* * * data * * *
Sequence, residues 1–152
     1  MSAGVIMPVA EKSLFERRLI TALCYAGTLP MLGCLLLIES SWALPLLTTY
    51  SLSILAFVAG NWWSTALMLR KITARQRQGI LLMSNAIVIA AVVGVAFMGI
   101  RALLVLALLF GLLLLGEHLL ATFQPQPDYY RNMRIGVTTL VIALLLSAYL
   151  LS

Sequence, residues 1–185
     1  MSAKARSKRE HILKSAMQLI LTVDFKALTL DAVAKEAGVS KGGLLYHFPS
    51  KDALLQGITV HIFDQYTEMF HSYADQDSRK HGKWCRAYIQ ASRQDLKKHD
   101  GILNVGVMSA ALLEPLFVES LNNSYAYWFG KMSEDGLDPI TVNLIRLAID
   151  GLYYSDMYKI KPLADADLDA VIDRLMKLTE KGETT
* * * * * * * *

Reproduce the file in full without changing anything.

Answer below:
Sequence, residues 1–152
     1  MSAGVIMPVA EKSLFERRLI TALCYAGTLP MLGCLLLIES SWALPLLTTY
    51  SLSILAFVAG NWWSTALMLR KITARQRQGI LLMSNAIVIA AVVGVAFMGI
   101  RALLVLALLF GLLLLGEHLL ATFQPQPDYY RNMRIGVTTL VIALLLSAYL
   151  LS

Sequence, residues 1–185
     1  MSAKARSKRE HILKSAMQLI LTVDFKALTL DAVAKEAGVS KGGLLYHFPS
    51  KDALLQGITV HIFDQYTEMF HSYADQDSRK HGKWCRAYIQ ASRQDLKKHD
   101  GILNVGVMSA ALLEPLFVES LNNSYAYWFG KMSEDGLDPI TVNLIRLAID
   151  GLYYSDMYKI KPLADADLDA VIDRLMKLTE KGETT